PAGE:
Robinson Cabin restoration at Wilderness Road
The frontier cabin was donated by well respected Friends of Wilderness Road State Park member David Robinson, who was looking for a new home for the historic structure after purchasing land less than 10 miles from the park.
Park Manager Jonathan Tustin explained that Robinson became familiar with the park when the two met and became friends. Robinson offered the cabin to the park hoping to see it preserved. Tustin, along with maintenance ranger David Cope and interpretive program manager Billy Heck inspected the cabin to see if it could be moved to park.
When they peeled back the tar paper and tacked on additions, they were amazed to discover an excellent representation of the construction of cabins from the late 1700's. Heck noted that the notches on the corners of the cabin were dovetailed, indicative of an cabin constructed in the last quarter of the 18th century.
Other notable time telling construction details include: original floorboards (puncheons) which are very wide and are hand-hewn and wooden pegged; the entire cabin was constructed using wooden pegs, including the rafters; and the gable and lathing boards were not sawn, but were rived, which at that time period involved a large amount of time and energy.
Heck says these features push the date of construction into the 1700's as the 1800's witnessed the arrival of numerous sawmills and blacksmith shops into Powell's Valley. He says most cabins built in the 1800's would have used sawmill cut lumber for the floors, gables and lathing.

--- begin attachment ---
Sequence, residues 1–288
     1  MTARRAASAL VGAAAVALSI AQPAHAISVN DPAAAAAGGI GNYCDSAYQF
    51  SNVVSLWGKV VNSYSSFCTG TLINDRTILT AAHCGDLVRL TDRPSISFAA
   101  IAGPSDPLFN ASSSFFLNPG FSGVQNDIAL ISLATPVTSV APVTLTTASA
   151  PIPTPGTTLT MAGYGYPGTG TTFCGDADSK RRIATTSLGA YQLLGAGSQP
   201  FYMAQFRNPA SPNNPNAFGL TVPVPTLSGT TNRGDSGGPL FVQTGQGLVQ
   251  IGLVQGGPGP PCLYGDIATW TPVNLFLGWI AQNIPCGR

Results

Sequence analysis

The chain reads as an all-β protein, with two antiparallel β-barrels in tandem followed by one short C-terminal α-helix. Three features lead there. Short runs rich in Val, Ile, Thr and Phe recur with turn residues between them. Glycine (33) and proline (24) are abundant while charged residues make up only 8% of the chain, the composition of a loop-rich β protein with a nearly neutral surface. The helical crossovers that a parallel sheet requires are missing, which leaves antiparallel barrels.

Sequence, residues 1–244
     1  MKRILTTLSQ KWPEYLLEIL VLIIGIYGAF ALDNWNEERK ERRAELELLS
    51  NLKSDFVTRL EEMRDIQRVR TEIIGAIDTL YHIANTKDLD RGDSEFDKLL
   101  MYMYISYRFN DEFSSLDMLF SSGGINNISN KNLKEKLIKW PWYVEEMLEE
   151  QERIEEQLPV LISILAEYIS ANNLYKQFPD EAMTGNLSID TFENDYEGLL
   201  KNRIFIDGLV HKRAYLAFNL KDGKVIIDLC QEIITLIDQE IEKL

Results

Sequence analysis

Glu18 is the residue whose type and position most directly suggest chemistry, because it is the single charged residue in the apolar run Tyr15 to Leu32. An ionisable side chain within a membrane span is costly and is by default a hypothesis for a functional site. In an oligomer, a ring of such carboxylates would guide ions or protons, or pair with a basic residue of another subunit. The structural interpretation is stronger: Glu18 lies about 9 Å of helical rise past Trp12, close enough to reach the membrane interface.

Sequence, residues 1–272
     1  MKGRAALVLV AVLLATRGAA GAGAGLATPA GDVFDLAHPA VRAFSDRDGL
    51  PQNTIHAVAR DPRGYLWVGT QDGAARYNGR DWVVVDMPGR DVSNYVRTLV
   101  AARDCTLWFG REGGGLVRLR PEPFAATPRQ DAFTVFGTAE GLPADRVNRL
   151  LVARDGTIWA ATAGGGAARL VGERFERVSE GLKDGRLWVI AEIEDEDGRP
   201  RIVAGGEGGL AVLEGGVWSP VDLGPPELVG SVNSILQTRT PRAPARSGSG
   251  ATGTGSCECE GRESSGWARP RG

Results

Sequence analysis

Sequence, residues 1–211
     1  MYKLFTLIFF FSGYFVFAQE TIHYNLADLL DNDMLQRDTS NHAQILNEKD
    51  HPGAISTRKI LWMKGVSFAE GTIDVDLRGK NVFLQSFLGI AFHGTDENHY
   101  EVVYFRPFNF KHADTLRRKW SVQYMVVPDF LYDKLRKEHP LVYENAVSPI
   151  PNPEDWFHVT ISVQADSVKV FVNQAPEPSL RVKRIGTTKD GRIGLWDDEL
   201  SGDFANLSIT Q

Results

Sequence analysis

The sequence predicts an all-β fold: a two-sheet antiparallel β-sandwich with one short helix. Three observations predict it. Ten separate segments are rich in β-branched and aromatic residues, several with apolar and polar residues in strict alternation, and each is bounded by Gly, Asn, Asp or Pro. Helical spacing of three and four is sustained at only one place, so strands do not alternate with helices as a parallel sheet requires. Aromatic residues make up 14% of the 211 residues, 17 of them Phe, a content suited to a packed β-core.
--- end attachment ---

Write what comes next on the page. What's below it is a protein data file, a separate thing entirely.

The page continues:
The cabin was dismantled from the Robinson property and transported to the park where it was reassembled at the entrance to the park's authentic recreation of Captain Joseph Martin's station. Not long after the cabin was removed from the Robinson property, an EF2 tornado ripped through the area and destroyed a barn and shed just feet from where the cabin originally stood, which would have surely damaged or even destroyed the cabin.
New cedar shakes and windows are currently being installed on the cabin which will be used this year as the registration area for the Raid at Martin's Station, the park's annual special event featuring more than 400 reenactors who recreate a Cherokee attack on Martin's Station.
The Raid at Martin's Station is scheduled for May 11-13. Admission is $5 per person and $1 per child (6-12). The highlight of the event is two exciting frontier battles, at 1 pm on Saturday and a special night battle at 8:30 pm Saturday night. Admission to the night battle is $3 per vehicle. The event is sponsored by the Friends of Wilderness Road State Park. Please click here for directions.